Case Enhancement through Forensic Art: Methods for Identifying Unknown Persons

Kenneth R. Lang, Ph.D.

One of the most overlooked but highly useful investigative tools for a death investigation is the talents of an excellent forensic artist. Often, investigators see the need arise for the assistance of an artist when a witness can describe an unidentified suspect. We’ve all seen the composite sketch of a wanted subject on a news broadcast seeking to place a name with the face. But the reality is that an artist can be used in a myriad of mediums to enhance any investigation.

Foremost, investigators should realize the variety of forensic art mediums effective in an investigation. Not only can artists complete composite sketches of unknown subjects, but many artists can complete age-enhancement drawings, video-enhancement sketches, post-mortem drawings, and two- and three-dimensional skull reconstructions. Let’s explore each of these mediums and see how they can enhance a death investigation.

Composite sketch. Typically, composite sketches are pencil drawings on paper of facial features as recalled by a witness or victim (Figure 1). A composite takes an average artist about one to three hours to complete depending on the artist’s skill set. Although some artists use other mediums such as charcoal or pastels, most use pencil and paper to complete their sketches. How the artist takes the witnesses’ memory of a subject and conveys it to paper varies. Some artists will interpret the description by the witness and sketch when other artists will have the witness use a facial catalog to select facial features to draw the composite.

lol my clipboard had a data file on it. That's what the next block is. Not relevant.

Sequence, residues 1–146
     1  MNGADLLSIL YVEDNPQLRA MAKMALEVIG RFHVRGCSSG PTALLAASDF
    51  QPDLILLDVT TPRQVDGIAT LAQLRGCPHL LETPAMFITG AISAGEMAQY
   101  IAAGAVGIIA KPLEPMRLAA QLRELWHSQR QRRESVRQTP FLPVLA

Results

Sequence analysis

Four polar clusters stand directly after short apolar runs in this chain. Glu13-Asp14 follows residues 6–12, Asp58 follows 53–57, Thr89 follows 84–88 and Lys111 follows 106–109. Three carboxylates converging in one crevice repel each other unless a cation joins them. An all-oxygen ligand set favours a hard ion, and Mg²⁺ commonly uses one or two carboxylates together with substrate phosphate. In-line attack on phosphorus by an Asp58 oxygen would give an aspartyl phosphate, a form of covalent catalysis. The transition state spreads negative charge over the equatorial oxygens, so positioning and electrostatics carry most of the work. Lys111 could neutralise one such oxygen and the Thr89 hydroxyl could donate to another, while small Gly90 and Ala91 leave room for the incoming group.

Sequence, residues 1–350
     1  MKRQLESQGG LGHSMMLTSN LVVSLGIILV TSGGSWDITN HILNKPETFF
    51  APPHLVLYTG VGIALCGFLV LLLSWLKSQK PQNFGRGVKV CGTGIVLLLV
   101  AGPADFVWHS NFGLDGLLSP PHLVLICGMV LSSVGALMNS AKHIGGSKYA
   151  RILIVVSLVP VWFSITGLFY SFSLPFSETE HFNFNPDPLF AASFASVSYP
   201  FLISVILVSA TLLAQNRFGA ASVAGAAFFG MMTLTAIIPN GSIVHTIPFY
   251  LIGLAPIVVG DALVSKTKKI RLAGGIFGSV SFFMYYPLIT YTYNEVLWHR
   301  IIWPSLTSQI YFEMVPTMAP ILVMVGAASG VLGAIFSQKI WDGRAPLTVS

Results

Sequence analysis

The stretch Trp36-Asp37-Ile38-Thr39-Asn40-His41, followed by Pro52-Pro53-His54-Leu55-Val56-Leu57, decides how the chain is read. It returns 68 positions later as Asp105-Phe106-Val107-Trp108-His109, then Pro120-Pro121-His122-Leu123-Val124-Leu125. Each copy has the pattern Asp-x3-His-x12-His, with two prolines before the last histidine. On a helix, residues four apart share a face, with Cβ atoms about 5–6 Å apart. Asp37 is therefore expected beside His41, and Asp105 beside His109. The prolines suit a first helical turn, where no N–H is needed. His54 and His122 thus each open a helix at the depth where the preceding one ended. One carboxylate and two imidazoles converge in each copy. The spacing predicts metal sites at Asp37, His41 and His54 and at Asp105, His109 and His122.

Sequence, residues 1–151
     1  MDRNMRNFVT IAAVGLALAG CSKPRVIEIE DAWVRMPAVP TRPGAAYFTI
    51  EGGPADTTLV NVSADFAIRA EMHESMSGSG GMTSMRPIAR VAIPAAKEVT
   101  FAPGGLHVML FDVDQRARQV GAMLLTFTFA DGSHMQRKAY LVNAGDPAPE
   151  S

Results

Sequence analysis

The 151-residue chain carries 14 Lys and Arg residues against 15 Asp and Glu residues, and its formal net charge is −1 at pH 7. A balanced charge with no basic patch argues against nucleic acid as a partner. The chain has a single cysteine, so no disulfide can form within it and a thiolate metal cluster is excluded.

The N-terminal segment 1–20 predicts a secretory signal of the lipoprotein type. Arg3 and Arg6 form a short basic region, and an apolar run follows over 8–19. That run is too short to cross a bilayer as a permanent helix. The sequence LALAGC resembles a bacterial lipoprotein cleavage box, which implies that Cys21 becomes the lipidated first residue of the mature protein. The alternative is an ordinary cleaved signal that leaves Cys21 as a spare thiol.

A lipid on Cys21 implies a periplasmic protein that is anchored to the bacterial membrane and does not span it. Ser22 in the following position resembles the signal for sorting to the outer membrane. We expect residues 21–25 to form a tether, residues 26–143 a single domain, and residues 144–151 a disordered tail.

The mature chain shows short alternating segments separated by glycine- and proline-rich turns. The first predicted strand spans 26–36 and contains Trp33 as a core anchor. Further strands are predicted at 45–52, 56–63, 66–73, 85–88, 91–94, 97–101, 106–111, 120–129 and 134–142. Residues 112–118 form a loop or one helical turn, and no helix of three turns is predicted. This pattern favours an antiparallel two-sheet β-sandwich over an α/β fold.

As a composite artist completes their sketch, they will often incorporate the witness into the process by allowing them to watch the drawing unfold on paper. A light sketch is generally produced first to capture all the necessary features. Once the artist is comfortable that the witness is satisfied with the drawn features the artist will then add shading to bring the sketch to life. If the witness is pleased with the sketch the artist will make a digital image and preserve the drawing as evidence. The digital image becomes a working image of the sketch, implemented in a variety of press release options, including wanted posters and news media releases.